Eight weeks later it was Déjà vu all over again as I headed back to King’s Lynn for round two – another day of training followed by the test at the end. This time the first challenge was to re-adjust from my lovely new petrol Fiat 500 to Pete’s diesel Fiesta and to remember how to get above 30 miles an hour – something that I hadn’t managed since my last trip. And, of course, a lot more practice and confidence building. The incentive of having bought a car is a powerful one as it is hugely annoying to own a sexy new car and not being able to drive it without L plates and a co-pilot. So this time I meant business!
Thankfully I could still manage the manoeuvres. The dreaded roundabouts had to be looked directly in the eye and tackled, along with the pesky slip roads and dual carriageways. I hate to admit that even by the morning of the test, the roundabouts were still winning the battle. Poor Pete suffered endless circuits with me failing to get the right exit as my own particular form of physical dyslexia struck over and over again.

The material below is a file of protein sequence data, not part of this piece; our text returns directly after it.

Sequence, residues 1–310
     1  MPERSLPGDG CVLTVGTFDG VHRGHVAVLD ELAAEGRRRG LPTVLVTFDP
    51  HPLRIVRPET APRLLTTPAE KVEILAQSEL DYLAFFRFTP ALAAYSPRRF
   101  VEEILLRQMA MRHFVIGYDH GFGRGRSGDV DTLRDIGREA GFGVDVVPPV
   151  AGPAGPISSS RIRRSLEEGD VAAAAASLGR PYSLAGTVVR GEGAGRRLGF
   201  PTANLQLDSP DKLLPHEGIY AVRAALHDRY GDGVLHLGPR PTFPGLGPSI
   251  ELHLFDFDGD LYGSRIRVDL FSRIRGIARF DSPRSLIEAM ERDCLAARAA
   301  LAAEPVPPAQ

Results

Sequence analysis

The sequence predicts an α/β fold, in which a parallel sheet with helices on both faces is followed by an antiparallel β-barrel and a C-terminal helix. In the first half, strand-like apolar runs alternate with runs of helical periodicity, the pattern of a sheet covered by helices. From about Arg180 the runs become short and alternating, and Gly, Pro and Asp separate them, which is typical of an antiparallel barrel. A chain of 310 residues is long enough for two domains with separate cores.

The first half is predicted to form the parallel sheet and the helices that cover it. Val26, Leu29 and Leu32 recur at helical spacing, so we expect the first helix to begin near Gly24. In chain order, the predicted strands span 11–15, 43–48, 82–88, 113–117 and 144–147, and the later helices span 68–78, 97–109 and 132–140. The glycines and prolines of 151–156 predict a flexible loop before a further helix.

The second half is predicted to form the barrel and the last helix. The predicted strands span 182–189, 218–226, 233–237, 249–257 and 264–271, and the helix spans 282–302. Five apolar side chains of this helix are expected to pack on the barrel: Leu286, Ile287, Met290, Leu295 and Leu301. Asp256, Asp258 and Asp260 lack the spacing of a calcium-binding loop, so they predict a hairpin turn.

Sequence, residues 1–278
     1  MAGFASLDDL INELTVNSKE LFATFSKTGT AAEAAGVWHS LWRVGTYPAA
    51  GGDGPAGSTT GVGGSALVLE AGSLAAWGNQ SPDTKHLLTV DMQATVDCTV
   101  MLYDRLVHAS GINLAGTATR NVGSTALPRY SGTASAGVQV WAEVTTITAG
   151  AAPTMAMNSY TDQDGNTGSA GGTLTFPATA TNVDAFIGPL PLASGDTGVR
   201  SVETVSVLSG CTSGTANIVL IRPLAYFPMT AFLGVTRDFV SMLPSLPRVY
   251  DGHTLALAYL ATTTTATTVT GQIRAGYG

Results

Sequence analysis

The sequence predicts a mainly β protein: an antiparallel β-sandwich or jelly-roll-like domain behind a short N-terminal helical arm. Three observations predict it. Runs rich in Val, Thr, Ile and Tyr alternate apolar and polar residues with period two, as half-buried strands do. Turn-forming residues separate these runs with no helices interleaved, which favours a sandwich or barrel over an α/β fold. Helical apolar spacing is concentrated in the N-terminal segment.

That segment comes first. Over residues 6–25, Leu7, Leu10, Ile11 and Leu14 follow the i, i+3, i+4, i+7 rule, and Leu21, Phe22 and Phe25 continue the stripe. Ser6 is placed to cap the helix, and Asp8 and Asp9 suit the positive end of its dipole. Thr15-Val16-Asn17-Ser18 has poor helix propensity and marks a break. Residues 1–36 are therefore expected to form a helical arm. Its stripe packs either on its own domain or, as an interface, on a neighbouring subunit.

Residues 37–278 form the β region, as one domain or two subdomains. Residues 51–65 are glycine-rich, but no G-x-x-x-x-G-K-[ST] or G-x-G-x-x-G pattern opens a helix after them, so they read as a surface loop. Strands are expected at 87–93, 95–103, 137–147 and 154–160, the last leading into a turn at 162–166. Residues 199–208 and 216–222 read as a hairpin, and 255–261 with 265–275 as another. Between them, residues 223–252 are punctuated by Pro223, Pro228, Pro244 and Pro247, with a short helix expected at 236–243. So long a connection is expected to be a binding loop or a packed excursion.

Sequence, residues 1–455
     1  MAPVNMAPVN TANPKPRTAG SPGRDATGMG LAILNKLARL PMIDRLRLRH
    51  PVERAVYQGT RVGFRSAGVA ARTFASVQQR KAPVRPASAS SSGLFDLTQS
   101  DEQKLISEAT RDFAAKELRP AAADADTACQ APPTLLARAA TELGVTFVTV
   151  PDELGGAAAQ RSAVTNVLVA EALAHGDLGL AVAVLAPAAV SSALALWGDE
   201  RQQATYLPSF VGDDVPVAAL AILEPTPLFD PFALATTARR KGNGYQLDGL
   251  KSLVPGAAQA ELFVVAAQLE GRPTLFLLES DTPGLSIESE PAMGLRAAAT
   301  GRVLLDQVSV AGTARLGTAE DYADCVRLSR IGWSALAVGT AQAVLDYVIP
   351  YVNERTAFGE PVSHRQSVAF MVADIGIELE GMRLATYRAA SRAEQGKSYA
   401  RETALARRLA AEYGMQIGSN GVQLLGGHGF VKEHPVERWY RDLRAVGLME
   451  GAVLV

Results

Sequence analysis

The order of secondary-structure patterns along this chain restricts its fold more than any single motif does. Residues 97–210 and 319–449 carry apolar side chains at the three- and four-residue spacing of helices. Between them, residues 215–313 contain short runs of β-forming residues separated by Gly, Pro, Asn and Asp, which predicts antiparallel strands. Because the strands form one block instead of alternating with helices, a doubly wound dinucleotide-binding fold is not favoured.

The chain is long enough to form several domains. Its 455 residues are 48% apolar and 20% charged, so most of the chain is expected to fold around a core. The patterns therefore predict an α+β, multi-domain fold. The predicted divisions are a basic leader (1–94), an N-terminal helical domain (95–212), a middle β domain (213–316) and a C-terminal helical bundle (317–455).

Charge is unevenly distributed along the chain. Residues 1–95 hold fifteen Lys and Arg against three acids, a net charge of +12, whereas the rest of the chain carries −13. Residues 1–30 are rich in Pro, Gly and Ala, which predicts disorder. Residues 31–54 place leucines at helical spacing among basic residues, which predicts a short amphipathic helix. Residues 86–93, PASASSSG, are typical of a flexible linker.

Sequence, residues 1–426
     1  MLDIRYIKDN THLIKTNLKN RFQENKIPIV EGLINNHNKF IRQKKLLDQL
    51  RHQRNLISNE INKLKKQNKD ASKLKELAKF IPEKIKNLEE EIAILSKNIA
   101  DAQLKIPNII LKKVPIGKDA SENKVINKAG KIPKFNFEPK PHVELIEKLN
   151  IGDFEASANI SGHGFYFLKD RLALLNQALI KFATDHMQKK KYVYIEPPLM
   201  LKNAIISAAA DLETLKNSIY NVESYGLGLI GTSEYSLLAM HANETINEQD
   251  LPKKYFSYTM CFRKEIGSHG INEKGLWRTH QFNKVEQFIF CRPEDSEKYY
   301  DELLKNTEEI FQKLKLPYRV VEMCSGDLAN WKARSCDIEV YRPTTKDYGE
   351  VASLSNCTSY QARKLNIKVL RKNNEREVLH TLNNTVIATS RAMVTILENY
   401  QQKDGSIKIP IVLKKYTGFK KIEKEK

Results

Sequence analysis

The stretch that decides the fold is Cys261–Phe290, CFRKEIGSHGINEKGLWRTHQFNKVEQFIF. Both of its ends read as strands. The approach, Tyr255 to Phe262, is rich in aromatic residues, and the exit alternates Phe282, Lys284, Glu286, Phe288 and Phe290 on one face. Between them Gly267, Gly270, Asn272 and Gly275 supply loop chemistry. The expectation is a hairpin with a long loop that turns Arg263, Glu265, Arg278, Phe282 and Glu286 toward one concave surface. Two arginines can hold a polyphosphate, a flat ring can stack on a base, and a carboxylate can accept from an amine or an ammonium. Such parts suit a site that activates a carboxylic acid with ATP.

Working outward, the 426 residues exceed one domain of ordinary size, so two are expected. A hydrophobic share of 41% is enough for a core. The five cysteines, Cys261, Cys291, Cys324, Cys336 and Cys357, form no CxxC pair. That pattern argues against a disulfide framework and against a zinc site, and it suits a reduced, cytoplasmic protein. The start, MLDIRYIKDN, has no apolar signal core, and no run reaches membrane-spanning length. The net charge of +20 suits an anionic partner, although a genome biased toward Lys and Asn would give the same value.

Arriving for the test itself, I struck lucky and managed not to get the same examiner – a re-run of July’s horror show on wheels would probably have finished us both off. At last here was my chance to impress. Or, being pragmatic, at least achieve my target of fewer than 10 minor faults. Top priority was to get nerves under control and brain in gear, ideally in harmony with hands on steering wheel and feet on pedals.
As if some celestial being was smiling on me, most roundabouts involved the first or second exit. But the benevolence finally came to an end with a direction to take the fifth exit. Remembering Pete’s instruction to count them off, I did a mental impression of Sesame Street’s Count character: “5 wonderful exits…..ha ha ha” and somehow pulled it off. No lightening bolt lit up the car but the elation carried me back to the test centre to show off my bay parking.
By the time Pete joined us for feedback I had no idea whether it was good news or not. It was only when the examiner said “you can smile now” that it dawned on me. And I kept smiling all the way back to Hackney. Nothing could beat the sense of achievement, thanks to Pete’s brilliant tuition. I’d like to say I’d do it all over again but if I see those roundabouts even one more time….